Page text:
Intelligence on sick researchers showing "COVID-like" symptoms before the outbreak fuels debate on its origin

Beijing also added that the virus could have originated outside of China, clearly mentioning “Fort Detrick Military Base” of Maryland, USA. 

Binayak Karki

Investigative Journalist
File/ BL-En Desk


Three researchers working at China’s Wuhan Institute of Virology (WIV) fell ill of an unknown sickness displaying the symptoms of “COVID-19”. The patients faced "symptoms consistent with both COVID-19 and common seasonal illnesses" in November of 2019, a report by The State Department revealed. China, on the other hand, had originally reported the first case of COVID-19 on the 8th of December, 2019. The latest “intelligence” report has cast further shadows upon the assertion that COVID didn’t outbreak due to a lab leakage. 

Details of the origin of COVID-19 go beyond The State Dept.’s reporting that previously came out in the last days of the Trump administration. 

Photo by HECTOR RETAMAL/AFP via Getty Images


The State Department’s original reports concluded the presence of “reasons to believe” that the researchers at the “center of research of pathogens including coronavirus” had fallen ill showing symptoms similar to what emerged later that year as a pandemic – short of the exact timing of their hospitalisation.  


Two anonymous officials familiar with the “intelligence”, however, have contrasting opinions regarding the incident with the lab researchers. The current and former “intelligence” officials expressed differing views about the strength of the presence of evidence to confirm the veracity of the new information. One of them told the WSJ that the information needed further investigation as it was obtained from “international partners” but the other official quoted it as “very precise”. The information that we had coming from the various sources was of exquisite quality. It was very precise. What it didn’t tell you was exactly why they got sick,” he added, referring to the WIV lab researchers. 


FeatureChina via AP Images

China’s words: 
China has repeatedly denied the theory of “escaping of the virus from one of its labs”. Chinese Foreign Ministry instead blamed the government of the United States for not showing actual concern to discover the source of the outbreak. The Foreign Ministry, with The WSJ, said: ‘The U.S. continues to hype the lab leak theory. Is it actually concerned about tracing the source or trying to divert attention?’ 

Beijing also added that the virus could have originated outside of China, clearly mentioning “Fort Detrick Military Base” of Maryland, USA. 

American fortification to China’s 'Maryland' claim: 

American scientists quote “no reason to investigate the base” which is continuously supported by the White House: “There are no credible reasons to investigate the base.”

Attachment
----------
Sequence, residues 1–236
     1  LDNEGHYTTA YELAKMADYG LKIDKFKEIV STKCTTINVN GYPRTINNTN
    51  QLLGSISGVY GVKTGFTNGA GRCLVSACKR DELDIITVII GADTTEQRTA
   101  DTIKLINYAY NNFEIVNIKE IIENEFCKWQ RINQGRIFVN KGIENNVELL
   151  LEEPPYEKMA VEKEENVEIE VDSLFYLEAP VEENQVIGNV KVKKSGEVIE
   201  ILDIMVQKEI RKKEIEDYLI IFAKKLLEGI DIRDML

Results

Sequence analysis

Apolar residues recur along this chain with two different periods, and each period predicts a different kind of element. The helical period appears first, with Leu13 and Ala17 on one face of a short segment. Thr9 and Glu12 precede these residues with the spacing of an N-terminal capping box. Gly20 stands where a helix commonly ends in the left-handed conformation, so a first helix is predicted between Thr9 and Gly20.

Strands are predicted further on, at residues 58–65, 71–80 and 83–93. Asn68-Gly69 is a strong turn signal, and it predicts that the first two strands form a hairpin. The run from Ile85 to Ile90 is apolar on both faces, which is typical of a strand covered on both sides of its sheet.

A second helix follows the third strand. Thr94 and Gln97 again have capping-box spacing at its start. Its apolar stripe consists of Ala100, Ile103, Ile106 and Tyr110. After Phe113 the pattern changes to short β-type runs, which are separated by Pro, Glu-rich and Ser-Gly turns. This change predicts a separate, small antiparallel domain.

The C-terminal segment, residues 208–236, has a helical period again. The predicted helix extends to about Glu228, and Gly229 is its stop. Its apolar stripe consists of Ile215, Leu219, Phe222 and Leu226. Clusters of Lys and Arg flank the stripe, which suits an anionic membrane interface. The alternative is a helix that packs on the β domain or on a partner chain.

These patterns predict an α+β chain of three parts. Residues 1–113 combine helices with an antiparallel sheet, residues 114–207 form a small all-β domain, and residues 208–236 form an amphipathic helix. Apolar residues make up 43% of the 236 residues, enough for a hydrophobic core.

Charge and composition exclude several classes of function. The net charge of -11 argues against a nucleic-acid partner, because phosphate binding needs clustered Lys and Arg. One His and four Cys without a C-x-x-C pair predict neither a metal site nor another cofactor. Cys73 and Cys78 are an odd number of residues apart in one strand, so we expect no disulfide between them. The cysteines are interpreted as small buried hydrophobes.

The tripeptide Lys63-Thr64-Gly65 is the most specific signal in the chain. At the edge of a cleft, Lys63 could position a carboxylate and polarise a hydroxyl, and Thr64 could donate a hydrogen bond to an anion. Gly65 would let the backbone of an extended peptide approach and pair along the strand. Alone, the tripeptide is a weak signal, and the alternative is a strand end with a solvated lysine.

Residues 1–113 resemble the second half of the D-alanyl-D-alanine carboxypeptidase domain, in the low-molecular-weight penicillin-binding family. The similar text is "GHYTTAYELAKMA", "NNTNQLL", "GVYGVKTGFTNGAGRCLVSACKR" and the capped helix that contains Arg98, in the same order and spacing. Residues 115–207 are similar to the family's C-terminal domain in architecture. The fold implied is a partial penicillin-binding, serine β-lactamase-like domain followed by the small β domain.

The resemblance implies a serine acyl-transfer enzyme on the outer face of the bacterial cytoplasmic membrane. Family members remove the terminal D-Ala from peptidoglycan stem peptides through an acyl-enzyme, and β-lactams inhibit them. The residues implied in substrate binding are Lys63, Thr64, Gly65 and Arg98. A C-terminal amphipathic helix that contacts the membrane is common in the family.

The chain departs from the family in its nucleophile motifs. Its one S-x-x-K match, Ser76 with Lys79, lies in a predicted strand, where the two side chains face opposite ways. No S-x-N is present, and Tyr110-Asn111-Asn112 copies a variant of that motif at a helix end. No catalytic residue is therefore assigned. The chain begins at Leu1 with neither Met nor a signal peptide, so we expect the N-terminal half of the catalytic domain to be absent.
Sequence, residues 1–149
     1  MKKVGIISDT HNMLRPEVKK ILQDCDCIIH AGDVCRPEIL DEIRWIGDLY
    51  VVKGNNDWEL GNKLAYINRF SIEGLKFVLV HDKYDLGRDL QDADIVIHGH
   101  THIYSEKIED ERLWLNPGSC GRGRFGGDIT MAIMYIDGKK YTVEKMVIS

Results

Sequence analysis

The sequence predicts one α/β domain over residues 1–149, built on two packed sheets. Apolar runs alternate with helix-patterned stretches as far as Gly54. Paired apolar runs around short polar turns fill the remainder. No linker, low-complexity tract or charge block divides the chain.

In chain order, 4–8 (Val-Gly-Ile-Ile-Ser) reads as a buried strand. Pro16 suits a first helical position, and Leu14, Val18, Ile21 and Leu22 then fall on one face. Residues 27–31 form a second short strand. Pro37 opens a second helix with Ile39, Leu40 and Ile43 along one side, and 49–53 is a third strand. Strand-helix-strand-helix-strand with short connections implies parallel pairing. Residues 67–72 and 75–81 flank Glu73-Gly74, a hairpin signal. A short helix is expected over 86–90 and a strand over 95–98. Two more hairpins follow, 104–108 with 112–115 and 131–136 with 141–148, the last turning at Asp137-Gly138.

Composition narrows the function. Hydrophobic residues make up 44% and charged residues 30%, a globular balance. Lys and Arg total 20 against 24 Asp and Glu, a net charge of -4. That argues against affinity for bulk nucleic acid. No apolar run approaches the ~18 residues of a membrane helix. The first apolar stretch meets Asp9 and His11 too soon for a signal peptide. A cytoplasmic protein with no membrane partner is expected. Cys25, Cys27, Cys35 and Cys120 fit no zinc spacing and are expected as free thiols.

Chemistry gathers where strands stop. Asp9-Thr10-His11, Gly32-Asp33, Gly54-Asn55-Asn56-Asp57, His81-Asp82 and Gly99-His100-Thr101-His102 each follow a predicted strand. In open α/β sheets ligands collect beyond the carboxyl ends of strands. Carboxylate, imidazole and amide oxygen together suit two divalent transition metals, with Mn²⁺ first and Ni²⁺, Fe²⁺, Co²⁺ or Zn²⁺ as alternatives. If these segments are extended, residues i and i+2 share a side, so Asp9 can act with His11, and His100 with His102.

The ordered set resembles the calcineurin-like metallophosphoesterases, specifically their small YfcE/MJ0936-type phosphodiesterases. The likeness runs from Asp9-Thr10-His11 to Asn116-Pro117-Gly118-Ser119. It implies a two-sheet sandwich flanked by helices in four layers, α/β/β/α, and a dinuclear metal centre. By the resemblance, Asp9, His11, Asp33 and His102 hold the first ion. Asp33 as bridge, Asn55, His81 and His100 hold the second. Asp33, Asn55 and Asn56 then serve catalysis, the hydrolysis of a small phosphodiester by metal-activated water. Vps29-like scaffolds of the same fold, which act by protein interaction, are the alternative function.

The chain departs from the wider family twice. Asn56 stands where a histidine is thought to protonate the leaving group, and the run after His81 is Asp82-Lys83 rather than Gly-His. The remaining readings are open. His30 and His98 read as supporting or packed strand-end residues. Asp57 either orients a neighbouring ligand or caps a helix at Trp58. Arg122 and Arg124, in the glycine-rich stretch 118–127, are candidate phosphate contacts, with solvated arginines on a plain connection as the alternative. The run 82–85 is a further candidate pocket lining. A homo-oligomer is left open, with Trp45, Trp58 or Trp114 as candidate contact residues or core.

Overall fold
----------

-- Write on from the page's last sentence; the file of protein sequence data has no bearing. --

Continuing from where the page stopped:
This makes America, too, score points in the list of suspicious accountable.  

Getty Images/Alex Wong

What do experts believe? 

A significant number of epidemiologists believe that the virus first began to circulate in November of 2019 – each having their own reasons and justifications, while Beijing strictly denies it. Meanwhile, the Wuhan Institute of Virology has yet shared no data or logs regarding its extensive research of coronavirus in bats – adding extra suspicion as the lab being its origin.  


WHO has confirmed the number of ill researchers and the timing of their sickness to come on the eve of a WHO meeting which is also expected to discuss further measures to dive deeper into the origin of COVID-19. 

Meanwhile in American politics regarding its origin: 

Republicans are forcing federal health officials to explain what WIV did with the grant money that was funded earlier last decade from the National Institutes of Health (NIH). 

Six Republican senators and one congressman signed a letter to National Institutes of Health Director Dr. Francis Collins on Friday, seeking information on a 2014 ban on funding so-called "gain of function research," in which viruses are manipulated in a lab setting to become more transmissible and harmful. The letter also asked for more detail about the lifting of the moratorium in late 2017 and whether any exceptions were made for programs and researchers connected to the Wuhan lab. 

Dr. Anthony Fauci, the White House chief medical adviser, has denied that the National Institutes of Health sponsored gain of function research in Wuhan, but Sen. Tom Cotton (R-Ark.) accused Fauci of playing "word games" on Sunday. 


Sen. Tom Cotton | Pool / AFP via Getty Images

Cotton told Fox Business Network’s “Sunday Morning Futures”, “The money that the NIH gave went to  which turned around and gave hundreds of thousands of dollars to these Wuhan labs to investigate coronaviruses and yes, to find ways to make them more contagious and more dangerous.” 

He went on to add: “I think that there could be an example here of these public health bureaucrats thinking they know better, that they’re not going to answer to political oversight and accountability … and they went ahead with this research that could be very dangerous,” Cotton added. “That’s why it is imperative that the NIH come clean and tell us exactly what happened.” 



Publish : 2021-05-24 18:00:00

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